Every day we make hundreds of decisions, some are extremely important while others are more trivial. But how do we go about making decisions? Do we prioritize our time effectively or do we run around frantically addressing problems in a haphazard way?
The other day I took some time to write job descriptions for a few of my coworkers in my department. While I was crafting the titles and descriptions I tried to stay away from the all too familiar words like “director” or “coordinator” because, honestly, what do those even mean? Then I wrote down something surprisingly profound:
“If it doesn’t __________, they shouldn’t be doing it.”
I gave one of my co-workers the title of “Community Builder” because she is all about doing life together well with others. She is tasked with building relationships both inside and outside of our organization, so the title fits her quite nicely. So, if a task crosses her path and it doesn’t relate to her purpose of building community, she shouldn’t do it. Why would we distract her from her purpose and passion to do something another person might be better equipped to do?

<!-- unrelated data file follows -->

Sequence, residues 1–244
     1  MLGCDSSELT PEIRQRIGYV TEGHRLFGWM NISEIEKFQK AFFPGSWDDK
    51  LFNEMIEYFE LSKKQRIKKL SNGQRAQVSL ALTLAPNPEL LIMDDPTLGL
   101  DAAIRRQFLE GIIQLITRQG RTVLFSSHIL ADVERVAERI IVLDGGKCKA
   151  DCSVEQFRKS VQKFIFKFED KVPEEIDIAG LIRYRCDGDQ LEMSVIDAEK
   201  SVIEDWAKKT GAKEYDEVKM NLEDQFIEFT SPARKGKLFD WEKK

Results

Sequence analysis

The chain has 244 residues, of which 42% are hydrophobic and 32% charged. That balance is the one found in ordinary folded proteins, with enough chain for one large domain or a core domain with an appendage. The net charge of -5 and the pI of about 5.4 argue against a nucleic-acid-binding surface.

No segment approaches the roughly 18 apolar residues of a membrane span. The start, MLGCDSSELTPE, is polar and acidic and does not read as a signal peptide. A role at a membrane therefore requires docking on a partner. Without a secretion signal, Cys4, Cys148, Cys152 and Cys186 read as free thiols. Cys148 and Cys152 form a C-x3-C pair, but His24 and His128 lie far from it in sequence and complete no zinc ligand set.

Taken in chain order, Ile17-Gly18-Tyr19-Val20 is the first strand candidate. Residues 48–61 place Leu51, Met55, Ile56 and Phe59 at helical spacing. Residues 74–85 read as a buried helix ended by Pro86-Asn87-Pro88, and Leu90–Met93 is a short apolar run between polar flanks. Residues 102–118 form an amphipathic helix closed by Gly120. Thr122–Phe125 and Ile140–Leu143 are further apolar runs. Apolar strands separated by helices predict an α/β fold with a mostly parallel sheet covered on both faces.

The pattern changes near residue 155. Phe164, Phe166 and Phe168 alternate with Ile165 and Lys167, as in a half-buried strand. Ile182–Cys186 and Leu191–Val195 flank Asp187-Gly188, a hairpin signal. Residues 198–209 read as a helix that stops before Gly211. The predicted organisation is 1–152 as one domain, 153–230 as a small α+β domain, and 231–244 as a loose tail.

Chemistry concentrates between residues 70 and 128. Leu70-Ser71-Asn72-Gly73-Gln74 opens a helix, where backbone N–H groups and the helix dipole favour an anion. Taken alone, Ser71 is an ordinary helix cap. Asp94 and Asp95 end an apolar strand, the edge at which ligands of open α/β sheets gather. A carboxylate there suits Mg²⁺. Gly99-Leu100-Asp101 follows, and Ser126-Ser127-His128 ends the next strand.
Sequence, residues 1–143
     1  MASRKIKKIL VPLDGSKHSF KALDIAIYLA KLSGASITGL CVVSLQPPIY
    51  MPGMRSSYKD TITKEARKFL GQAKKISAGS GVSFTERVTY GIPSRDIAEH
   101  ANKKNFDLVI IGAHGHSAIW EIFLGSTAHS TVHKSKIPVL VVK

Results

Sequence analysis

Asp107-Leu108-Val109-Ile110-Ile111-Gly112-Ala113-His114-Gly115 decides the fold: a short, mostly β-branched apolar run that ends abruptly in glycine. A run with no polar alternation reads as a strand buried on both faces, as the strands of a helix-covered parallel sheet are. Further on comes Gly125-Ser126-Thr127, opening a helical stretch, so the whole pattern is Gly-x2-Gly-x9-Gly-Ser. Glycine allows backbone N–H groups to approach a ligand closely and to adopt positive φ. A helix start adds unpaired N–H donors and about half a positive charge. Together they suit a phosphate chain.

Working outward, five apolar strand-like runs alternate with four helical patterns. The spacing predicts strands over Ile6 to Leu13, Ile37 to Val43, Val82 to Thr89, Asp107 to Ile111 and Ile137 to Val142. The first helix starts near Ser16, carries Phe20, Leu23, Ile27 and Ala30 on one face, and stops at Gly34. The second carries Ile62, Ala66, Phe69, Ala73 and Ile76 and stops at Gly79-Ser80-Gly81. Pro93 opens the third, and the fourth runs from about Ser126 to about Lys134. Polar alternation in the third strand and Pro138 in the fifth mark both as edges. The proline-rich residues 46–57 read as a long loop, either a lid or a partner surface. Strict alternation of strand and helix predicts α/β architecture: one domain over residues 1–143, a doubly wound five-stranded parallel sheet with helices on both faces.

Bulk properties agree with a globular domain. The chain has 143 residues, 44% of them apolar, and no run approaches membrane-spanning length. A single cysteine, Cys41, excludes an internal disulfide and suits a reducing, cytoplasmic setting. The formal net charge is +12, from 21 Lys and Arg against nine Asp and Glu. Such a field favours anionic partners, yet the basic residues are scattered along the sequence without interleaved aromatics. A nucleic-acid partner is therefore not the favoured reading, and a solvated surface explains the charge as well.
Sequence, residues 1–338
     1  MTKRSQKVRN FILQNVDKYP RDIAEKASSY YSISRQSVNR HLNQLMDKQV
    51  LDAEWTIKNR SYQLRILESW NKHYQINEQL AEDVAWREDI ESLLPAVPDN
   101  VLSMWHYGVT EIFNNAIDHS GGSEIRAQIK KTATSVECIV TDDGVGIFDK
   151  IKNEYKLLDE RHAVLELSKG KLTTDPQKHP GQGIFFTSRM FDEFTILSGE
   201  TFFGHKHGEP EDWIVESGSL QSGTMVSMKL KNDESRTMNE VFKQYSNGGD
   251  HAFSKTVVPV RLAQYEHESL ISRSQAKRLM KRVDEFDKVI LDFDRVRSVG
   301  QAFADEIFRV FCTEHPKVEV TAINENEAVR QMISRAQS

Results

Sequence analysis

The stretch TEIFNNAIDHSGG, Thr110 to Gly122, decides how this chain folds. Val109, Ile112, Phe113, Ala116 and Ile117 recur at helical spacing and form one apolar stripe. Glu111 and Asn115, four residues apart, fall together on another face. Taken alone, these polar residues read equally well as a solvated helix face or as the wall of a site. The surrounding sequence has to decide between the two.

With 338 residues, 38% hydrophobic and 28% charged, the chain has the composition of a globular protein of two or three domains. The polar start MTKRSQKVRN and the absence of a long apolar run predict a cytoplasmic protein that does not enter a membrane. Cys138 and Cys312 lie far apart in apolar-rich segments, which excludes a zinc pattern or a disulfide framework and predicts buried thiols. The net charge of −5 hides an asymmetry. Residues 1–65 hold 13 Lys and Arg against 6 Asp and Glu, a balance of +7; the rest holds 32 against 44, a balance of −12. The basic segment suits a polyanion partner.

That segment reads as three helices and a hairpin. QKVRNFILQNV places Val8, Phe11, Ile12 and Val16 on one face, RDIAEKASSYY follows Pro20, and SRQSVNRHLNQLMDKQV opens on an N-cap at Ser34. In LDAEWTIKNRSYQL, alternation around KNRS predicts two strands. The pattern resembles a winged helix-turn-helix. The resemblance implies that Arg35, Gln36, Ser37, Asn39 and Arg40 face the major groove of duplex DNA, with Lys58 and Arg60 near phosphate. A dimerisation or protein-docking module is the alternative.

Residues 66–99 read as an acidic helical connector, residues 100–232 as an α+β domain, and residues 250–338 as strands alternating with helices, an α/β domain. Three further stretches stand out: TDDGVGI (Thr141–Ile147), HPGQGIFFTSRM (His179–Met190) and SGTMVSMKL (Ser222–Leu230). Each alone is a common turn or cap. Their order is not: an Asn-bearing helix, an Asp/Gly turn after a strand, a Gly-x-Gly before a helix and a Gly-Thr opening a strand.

I think this is something the apostle Paul lived by. Take a look at Romans 1:1 which says:
“I, Paul, am a devoted slave of Jesus Christ on assignment, authorized as an apostle to proclaim God’s words and acts.”
Paul knew what his purpose was and he was “on assignment”. He was intentional with how he lived so that his life purpose (to proclaim God’s words and acts) was being done. What if we lived with the same degree of intentionality as Paul did? What if we knew our purpose in life and said “no” to those things that don’t relate to whatever it is that makes us tick?
If it Doesn’t ___________, You Shouldn’t Do it. What are you passionate about? How would you fill in the blank? Now, go out and live your passion.